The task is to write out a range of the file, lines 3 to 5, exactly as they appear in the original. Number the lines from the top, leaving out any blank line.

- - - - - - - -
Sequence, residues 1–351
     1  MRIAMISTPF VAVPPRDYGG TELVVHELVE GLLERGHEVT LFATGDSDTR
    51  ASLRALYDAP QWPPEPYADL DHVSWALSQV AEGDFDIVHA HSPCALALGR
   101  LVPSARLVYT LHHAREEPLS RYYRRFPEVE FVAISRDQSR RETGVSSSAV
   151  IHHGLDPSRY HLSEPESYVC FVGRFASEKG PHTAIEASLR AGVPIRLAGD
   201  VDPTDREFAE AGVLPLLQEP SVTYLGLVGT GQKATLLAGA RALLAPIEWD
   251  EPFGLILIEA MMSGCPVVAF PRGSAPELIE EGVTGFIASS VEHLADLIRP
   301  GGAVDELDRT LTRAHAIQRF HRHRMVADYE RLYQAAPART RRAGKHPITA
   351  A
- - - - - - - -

    51  ASLRALYDAP QWPPEPYADL DHVSWALSQV AEGDFDIVHA HSPCALALGR
   101  LVPSARLVYT LHHAREEPLS RYYRRFPEVE FVAISRDQSR RETGVSSSAV
   151  IHHGLDPSRY HLSEPESYVC FVGRFASEKG PHTAIEASLR AGVPIRLAGD